While our pets are there for us in our darkest hours, we need to make sure we do everything we can for them. Taking care of an animal is not an easy task and can be even more of a struggle with a cancer diagnosis. It is important to discuss your pets and your routine with your care team so “they can help you figure out whether your pet might pose safety concerns for you during cancer treatment. It’s also a good idea to visit your pet’s veterinarian to find out what kinds of illness your pet might pass to you during times when your immune system is weak.”2 

My husband has a terrible way of setting priorities. After an overnight trip via med ambulance from Cleveland, Ohio and feeling horrible, I could not believe my ears. “I think we should get a puppy.” My response was almost immediate. “No puppies. “I knew that would not be the last I heard about it, but each time I heard the request my response was the same. “No.” Then the question was rephrased. “You need each other.” I thought about that several times that day and that evening asked why I needed a puppy. His response was succinct. “She was dropped from heaven, can’t speak English and everyone around her is a giant, she needs a champion”. I did not buy it. But he had touched a nerve and in a moment of weakness I said he could look. The pup arrived in September weighing in at a little over a pound. She was the smallest pup I had ever seen. She clung to me like Velcro and hopped behind me as I moved around our home. She had tons of love to give. She had inherited and received many toys which inevitably wound up under chairs and tables. Picking them up was my job and that in turn was making me more active. She was my furry PT program. My attitude brightened and my doctor’s visits indicated I was doing well. I relied on her for brighter mornings and quiet evenings on my lap. We needed each other. She was with me for every ZOOM call, grimaced with me when I took my meds and laid near me when I read. Did she help with my recovery? Yes, yes, yes after all, I had 2 jobs, training Mollie and my recovery and we needed each other to succeed at each.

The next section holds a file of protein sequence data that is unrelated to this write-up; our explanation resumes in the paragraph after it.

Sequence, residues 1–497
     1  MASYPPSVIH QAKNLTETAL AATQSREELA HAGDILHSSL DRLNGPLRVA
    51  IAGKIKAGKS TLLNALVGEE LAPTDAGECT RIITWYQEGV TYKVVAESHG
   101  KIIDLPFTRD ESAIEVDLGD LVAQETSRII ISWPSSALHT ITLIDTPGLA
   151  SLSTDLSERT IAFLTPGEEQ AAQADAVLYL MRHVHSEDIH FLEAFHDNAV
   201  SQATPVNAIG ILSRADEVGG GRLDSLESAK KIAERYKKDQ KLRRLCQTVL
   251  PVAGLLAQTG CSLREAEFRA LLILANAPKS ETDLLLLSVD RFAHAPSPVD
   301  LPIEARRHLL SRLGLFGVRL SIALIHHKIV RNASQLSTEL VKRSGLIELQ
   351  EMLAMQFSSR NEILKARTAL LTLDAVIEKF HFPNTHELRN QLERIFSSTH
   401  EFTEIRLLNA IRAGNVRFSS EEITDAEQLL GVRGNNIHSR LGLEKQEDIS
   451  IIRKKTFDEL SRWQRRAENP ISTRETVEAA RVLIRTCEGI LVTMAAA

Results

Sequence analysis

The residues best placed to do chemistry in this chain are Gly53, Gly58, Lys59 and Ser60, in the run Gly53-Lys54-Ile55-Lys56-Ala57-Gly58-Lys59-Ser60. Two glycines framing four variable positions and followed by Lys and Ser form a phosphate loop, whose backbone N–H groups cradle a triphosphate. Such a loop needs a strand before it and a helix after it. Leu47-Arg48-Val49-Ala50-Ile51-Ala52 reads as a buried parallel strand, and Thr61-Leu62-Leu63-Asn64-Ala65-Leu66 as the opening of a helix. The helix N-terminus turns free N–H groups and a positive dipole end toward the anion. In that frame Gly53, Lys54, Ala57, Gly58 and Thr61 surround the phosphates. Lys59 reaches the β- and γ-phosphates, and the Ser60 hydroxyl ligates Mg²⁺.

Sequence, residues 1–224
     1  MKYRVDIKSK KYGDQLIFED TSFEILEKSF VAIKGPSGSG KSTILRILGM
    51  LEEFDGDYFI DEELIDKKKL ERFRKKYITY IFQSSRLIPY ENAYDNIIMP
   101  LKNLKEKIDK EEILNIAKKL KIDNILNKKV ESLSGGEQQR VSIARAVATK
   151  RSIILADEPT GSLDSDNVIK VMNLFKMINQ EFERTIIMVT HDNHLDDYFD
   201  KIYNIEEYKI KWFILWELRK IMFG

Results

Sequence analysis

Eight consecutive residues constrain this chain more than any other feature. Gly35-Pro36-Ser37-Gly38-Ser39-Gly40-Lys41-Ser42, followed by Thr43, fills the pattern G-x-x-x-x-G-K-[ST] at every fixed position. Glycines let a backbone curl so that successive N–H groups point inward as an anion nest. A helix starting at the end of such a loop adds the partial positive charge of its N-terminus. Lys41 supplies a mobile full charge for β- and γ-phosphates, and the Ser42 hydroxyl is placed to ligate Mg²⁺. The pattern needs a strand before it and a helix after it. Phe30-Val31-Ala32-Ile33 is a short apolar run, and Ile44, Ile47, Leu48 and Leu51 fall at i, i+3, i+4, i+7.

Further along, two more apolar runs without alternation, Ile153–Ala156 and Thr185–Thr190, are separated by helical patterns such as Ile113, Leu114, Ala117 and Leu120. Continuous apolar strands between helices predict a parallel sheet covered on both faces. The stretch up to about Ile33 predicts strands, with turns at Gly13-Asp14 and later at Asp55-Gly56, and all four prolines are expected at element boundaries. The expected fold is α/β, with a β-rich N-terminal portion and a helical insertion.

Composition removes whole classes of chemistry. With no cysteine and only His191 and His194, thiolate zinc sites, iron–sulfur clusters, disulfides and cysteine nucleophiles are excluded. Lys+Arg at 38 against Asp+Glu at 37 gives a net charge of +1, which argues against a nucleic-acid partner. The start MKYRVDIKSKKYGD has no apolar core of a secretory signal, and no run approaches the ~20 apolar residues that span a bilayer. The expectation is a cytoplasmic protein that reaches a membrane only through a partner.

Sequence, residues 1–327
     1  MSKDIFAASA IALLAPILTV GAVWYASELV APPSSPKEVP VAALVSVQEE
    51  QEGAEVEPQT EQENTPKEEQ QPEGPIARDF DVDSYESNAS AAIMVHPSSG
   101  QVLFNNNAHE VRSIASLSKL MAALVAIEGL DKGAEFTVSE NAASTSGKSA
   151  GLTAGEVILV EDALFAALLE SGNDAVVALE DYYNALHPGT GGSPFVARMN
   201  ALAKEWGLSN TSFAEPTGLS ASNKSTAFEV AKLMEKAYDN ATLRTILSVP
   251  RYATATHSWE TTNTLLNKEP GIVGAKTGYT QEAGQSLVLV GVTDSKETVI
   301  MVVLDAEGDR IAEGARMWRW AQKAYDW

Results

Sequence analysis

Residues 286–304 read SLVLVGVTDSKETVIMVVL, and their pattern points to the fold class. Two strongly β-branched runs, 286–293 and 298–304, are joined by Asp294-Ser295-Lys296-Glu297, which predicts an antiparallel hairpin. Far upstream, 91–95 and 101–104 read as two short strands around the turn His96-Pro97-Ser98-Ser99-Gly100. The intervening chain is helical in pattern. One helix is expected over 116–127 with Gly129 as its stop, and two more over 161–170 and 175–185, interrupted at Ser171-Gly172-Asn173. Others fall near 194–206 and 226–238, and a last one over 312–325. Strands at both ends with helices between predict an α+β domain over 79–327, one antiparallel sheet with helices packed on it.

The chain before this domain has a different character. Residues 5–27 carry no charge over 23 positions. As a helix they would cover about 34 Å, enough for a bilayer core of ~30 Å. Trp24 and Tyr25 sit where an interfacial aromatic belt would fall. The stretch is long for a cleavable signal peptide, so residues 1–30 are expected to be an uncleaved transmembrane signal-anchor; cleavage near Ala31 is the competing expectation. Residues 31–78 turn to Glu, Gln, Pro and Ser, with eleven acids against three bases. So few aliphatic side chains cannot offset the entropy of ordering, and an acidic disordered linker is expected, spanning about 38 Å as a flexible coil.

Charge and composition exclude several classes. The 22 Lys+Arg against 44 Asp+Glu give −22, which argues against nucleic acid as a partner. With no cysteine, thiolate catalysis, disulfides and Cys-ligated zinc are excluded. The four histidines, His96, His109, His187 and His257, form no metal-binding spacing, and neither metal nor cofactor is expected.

Support Volunteer Francine
Pets are responsible for so much love and joy in people’s lives and sometimes, our good bois and gurls are also a huge factor in providing hope when we need it most - the dark days of cancer.

Pets give so much to the lives of their “humans.” They provide us and especially those facing cancer with support, structure, joy, and love. They are our friends, they are our family, and they are bringers of hope.  

“Bailey brought endless joy, laughter, and comfort to us during a time when we needed it most.”

Support Volunteer Lisa

Get more information about “Caring for yourself and your pet when you have cancer” from our friends at CancerCare and their Pet Assistance & Wellness (PAW) Program. If you need hope and support from one of our almost 500 Support Volunteers (Who may be less furry but are much better communicators) visit cancerhopenetwork.org/support 

  1. CancerCare. (2022). THE BENEFITS OF SHARING YOUR LIFE WITH A PET. https://media.cancercare.org/documents/255/original/2022-The-Benefits-of-Sharing-Your-LIfe-With-A-Pet_V1.pdf 
  1. Pets, Support, and Service Animals | How Animals Can Help People with Cancer. (n.d.). American Cancer Society. https://www.cancer.org/treatment/survivorship-during-and-after-treatment/coping/support-service-animals.html